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Celebrities, Sex, Pantoums, and Villanelles: Denise Duhamel’s Scald

Lizzie Davis

When Denise Duhamel writes a poem, she knows exactly who it is she’s addressing: “I am speaking to other women, usually younger than I am,” she said in an interview with The Rumpus. “Maybe they are my ‘poetry’ daughters.” That this demographic should make up her ideal readership comes as no surprise: her latest collection, Scald, is maternal, instructive, and sage. It’s the kind of book that might do well as required reading for a great many daughters, literary and otherwise. Duhamel’s delivery is humorous and warm, her language welcoming and simple, her lessons full of cheek and charm. Scald is feminist wisdom, social criticism, and confession—counterbalanced, of course, with a good deal of laughter and wit.

With this concept of “poetry daughters” in mind, one of Duhamel’s most touching gestures is the introduction of her own feminist forebears. These poems are the link between the women she inspires and the ones who inspire her, a kind of intergenerational love letter. The women in question? Three legendary radical feminists of the sixties and seventies: Shulamith Firestone, Andrea Dworkin, and Mary Daly. Duhamel dedicates a section of the book to each one—poet and reader alike are in good company.

But the poems in this collection are not at all limited to retreading the ground of Duhamel’s dedicatees. She does examine the deeper causes of systemic oppression and sexism, but she also detours into more commonplace issues (breastfeeding, sex, childbirth, love) as well as the kind of confessional writing that refreshes and sweetens the material, and she never skips out on the opportunity for whimsy or play. (One entire poem, “On the Occasion of Typing My First Email on a Brand-New Phone,” riffs on autocorrect’s suggestion of “Denise Richards” in place of the author’s name.)

As the most effective mothers and teachers do, Duhamel admits to the difficulties and uncertainties of her lessons. In the opening poem, “How Deep It Goes,” the reader travels alongside the poet’s rapidly firing synapses in a series of three-line stanzas dotted with the phrase “which leads me to.” She moves from foot binding in China to the Enlightenment, from Quakers and Stoics to birth control, pop androgyny, and AIDS—the evils of the patriarchy know no bounds, so why should the content in these poems? Phrasal repetitions, along with snippets of text from Firestone’s legendary Dialectic of Sex, give the poem a rhythm and structure so that even in its breadth it never feels aimless, instead building momentum until it arrives at a line that makes clear the reader’s own participation in the landscape of sexism: “which leads me— / If that’s how deep it goes / do you want to know?—to you.”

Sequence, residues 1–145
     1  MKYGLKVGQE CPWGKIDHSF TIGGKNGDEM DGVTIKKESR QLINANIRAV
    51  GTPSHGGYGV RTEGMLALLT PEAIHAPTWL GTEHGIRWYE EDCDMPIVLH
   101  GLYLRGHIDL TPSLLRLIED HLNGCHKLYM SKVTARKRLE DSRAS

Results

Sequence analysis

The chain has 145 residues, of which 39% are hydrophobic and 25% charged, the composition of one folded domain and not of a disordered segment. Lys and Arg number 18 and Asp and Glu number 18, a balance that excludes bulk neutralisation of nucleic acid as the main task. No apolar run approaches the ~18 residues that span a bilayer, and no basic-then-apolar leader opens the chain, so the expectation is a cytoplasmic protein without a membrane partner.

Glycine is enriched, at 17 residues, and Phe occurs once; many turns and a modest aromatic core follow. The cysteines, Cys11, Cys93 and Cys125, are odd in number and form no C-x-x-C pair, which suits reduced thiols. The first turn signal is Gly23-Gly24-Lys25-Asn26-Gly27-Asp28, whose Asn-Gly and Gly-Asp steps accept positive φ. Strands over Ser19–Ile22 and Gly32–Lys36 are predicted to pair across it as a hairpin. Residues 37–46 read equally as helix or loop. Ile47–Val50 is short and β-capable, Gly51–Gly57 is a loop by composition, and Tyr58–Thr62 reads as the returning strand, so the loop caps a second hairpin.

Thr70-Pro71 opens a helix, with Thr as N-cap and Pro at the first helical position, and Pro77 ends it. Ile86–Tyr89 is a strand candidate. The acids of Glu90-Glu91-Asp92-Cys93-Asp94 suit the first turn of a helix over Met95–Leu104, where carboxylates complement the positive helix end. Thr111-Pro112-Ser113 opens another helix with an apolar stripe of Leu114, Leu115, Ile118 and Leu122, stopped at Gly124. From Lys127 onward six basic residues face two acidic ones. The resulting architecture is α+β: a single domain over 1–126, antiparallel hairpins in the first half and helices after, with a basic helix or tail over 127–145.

Alongside the boundlessness of content, there is a boundlessness of form. Duhamel plays with pantoums and villanelles, configurations that, with their repetitive structures and refrains, serve to reflect the cyclical and inescapable nature of the issues Duhamel addresses. “Safety Pantoum” opens with, “The ones who save us are the ones killing us. / Religion, corporations, the military, and cops.” The form’s prescribed repetitions of line yield surprising results while evoking the relentlessness of everything from hot flashes and night sweats to the military industrial complex and the coloring agent in Coke.

Other forms are invented ones: “Porn Poem,” braids a list of imagined varieties of porn (“goldfish porn/applesauce porn . . . blinking pink neon kink”) with lines from Andrea Dworkin’s “Pornography Happens to Women” (“Constitutionally protecting pornography as if it were speech means that there is a new way in which we are legally chattel.”) In “Rated R,” the language surrounding movie ratings incites play with real and imagined situations that restrict the speaker and others: “Restricted for Language” begins with the line, “Of course, I can never really say what I want to say because language itself is a straitjacket.” These dreamed-up poetic shapes give the collection texture and highlight Duhamel’s formal ingenuity.

The poems that make up Scald are overtly political and socially critical, yes, but their most delicious subversion is in their delivery: frankness and its accompanying joy. There’s a liberation in that kind of candor; it surfaces in lines like “I want to fornicate” or “For a time / I was even a wife / which felt a bit like decades at a costume party.” While these poems are clever, they staunchly refuse to hide truth behind lyricism, to mask righteous anger in artfulness. Perhaps that’s part of the lesson, one Duhamel wants her “poetry daughters” to learn by example: it’s OK to be bold, to be brave, to be honest, in verse and also in life.

Lizzie Davis is a writer, editor at Coffee House Press, and literary translator from Spanish and Italian to English.